New 25 affordable homes development approved by Guildford Borough Council on Green Belt

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Plans for 25 affordable homes have been approved on the empty site of the former Highlands Nurseries, in Portsmouth Road.

An application for the site, submitted by PA Housing, was approved by a Guildford Borough Council’s (GBC) planning committee on May 22.

Despite receiving zero letters of public support for the application, councillors accepted the proposal for its contribution to meeting the affordable housing need in the local area of Ripley.

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Self-proclaimed Green Belt advocate, Cllr Stephen Hives (Lib Dem/Stoke) said: “Access to affordable housing trumps the Green Belt in this case. It’s a shame, I never thought I would say it.”

Cgi Entrance To The Former Highlands Nursery Development (Credit: PA Housing Documents)Cgi Entrance To The Former Highlands Nursery Development (Credit: PA Housing Documents)
Cgi Entrance To The Former Highlands Nursery Development (Credit: PA Housing Documents)

Meeting documents state that “any inappropriate developments” are judged to be “harmful to the Green belt and should not be approved except in very special circumstances”. Officers recommended the development was acceptable because it would be 100 per cent affordable housing.

Located within the Green Belt in Ripley, the proposed development will comprise 18 semi-detached houses, one semi detached bungalow and six apartments (one bed). Conditions for the development require the homes to be affordable rent permanently to those with a local link to Ripley Parish.

Speaking in support at the meeting, Cllr Roland Cornell of Ripley Town Parish council said: “The benefit this development brings outweighs the harm caused to this site on the edge of the settlement.” He added the development will “ensure Ripley will have an eclectic mix of all demographics, remaining an active and vibrant community, and does not only move to an area of the more affluent in our society.”

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Affordable rents are set at up to 80 per cent of open market rents, providing opportunities for those who would struggle to rent or buy a property. Unlike social housing, these properties are not council-owned.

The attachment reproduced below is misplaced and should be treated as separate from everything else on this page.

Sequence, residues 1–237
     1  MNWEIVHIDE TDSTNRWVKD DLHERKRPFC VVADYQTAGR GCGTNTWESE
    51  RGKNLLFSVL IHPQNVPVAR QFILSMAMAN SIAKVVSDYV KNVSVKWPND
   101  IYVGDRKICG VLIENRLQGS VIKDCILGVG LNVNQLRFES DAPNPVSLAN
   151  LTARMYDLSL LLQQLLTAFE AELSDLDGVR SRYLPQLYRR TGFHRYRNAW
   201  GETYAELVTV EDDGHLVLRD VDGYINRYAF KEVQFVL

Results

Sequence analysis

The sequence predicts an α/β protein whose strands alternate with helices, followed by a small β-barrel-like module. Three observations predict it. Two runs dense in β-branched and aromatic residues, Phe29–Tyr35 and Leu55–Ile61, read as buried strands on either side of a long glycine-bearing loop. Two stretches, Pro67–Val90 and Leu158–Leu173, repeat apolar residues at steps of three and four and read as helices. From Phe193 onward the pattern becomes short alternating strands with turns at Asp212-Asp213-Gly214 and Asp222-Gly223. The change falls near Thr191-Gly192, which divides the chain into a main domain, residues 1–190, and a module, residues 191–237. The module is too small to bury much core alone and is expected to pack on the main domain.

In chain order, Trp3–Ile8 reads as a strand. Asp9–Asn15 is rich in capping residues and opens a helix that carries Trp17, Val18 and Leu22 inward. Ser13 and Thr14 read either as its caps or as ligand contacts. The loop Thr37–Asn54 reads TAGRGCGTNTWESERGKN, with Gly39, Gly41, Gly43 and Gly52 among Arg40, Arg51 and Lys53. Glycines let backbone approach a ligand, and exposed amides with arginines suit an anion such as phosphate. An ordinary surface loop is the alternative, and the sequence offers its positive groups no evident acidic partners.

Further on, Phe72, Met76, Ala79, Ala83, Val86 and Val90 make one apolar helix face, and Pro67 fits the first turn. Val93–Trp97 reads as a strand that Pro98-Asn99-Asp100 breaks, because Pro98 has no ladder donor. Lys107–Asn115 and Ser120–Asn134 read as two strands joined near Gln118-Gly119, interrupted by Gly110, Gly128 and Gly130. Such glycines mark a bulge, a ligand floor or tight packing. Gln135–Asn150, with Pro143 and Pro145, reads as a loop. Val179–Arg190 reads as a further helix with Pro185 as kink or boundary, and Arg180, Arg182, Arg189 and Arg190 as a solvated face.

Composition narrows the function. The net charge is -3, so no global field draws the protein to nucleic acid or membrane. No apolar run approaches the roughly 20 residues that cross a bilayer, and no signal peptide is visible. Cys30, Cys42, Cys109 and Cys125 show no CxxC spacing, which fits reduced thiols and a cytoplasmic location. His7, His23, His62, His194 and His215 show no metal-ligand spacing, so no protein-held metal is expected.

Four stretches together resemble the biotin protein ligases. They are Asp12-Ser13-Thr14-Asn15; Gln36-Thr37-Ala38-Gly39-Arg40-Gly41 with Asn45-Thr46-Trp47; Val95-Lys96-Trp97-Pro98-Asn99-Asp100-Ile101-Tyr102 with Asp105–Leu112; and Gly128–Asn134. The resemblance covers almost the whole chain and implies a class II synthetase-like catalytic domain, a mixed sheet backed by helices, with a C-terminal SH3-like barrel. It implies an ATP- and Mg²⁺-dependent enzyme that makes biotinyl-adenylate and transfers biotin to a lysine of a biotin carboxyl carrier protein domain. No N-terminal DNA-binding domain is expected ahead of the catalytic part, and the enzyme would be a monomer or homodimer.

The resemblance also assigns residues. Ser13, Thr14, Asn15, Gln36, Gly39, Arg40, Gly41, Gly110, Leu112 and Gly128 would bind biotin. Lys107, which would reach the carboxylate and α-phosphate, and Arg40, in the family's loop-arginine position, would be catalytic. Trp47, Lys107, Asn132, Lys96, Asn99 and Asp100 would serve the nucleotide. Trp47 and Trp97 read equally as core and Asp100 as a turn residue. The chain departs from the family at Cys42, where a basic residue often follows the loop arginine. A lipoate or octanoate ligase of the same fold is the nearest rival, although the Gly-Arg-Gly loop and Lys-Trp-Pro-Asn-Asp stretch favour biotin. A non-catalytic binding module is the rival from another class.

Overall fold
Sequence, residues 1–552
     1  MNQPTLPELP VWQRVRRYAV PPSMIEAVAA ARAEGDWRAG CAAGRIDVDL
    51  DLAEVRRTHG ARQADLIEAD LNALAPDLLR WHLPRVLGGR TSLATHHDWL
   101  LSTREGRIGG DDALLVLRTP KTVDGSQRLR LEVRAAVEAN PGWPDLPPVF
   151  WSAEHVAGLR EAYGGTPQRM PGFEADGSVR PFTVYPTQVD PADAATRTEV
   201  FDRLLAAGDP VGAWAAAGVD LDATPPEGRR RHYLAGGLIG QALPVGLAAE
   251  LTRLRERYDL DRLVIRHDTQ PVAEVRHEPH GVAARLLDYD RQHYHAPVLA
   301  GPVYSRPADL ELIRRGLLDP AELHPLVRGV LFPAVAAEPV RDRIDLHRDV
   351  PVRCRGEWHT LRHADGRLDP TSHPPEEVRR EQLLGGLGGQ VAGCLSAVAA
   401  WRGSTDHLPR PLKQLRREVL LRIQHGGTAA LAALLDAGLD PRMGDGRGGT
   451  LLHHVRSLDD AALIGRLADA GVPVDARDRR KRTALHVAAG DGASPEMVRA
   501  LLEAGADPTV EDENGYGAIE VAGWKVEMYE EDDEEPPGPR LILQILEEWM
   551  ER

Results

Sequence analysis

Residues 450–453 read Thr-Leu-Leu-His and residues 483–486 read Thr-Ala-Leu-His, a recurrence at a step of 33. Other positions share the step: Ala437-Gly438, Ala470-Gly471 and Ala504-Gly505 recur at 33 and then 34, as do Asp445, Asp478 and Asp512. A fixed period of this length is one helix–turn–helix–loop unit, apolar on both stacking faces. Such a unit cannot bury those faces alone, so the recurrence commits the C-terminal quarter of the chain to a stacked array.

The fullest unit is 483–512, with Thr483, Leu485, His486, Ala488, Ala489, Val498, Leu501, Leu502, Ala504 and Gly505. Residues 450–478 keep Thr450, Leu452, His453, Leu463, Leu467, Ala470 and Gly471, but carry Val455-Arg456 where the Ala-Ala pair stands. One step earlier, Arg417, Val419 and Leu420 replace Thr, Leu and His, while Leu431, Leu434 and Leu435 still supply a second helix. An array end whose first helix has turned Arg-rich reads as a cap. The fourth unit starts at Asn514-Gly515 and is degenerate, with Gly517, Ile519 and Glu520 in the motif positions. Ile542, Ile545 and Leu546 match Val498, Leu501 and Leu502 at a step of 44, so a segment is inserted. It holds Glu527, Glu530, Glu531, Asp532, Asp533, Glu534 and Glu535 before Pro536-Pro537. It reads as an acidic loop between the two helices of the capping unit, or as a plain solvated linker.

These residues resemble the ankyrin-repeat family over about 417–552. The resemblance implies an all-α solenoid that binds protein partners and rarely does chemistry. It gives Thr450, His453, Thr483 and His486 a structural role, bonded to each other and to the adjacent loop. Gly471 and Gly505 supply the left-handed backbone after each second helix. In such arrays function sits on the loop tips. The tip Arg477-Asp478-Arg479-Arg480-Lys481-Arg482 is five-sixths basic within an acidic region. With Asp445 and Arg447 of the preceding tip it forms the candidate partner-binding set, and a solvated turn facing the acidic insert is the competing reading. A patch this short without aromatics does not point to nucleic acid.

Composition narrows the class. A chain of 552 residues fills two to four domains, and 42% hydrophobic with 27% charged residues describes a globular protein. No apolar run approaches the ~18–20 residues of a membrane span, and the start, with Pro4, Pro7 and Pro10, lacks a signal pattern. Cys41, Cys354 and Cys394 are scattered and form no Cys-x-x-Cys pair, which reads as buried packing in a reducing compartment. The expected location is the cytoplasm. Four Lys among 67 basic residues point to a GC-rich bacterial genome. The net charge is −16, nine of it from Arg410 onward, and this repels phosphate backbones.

Plan Of Former Highlands Nursery Housing Development (Credit: Guildford Borough Council Documents)Plan Of Former Highlands Nursery Housing Development (Credit: Guildford Borough Council Documents)
Plan Of Former Highlands Nursery Housing Development (Credit: Guildford Borough Council Documents)

A Housing Need Survey (dated 2020) identified 32 households on the housing register for Ripley, plus at least three who were yet to register with the local authority. “This directly responds to meeting the needs of those in greatest local housing need,” the report noted.

Each home will be provided with a private garden space- with the exception of first floor flats. However, a separate public central green space with a play area is also planned for the back of the site.

Nearly 50 letters of objection were submitted to GBC, raising concerns the development will have “an urbanising effect” and is out of character with the surroundings.

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Speaking at the meeting, resident Frederick Trodd said the proposal made him “so angry” due to the risk of harming the ecology and wildlife in the area, as well as the potential impacts on an area already vulnerable to flooding. He pleaded with the committee to “protect” the the animal habitats in the last wildlife corridor between Ripley and Send Marsh.

Attention was drawn to how affordable housing needs were being met elsewhere in the borough by councillors and the public alike. For instance, the approved Garlick’s Arch development is set to provide a minimum of 200 homes, and the proposed former Wisley Airfield development could supply 692 properties.

Officers pointed out the approval of this application was based on supporting the local need in Ripley rather than the Guildford borough as a whole. Around 1,910 households are on the waiting list for a property in GBC’s latest report.

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